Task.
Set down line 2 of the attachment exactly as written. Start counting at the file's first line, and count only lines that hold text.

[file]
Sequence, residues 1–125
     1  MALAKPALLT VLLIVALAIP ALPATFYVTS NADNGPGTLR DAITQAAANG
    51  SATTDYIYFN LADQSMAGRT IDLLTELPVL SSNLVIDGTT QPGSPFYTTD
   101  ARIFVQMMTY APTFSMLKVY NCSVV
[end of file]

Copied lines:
     1  MALAKPALLT VLLIVALAIP ALPATFYVTS NADNGPGTLR DAITQAAANG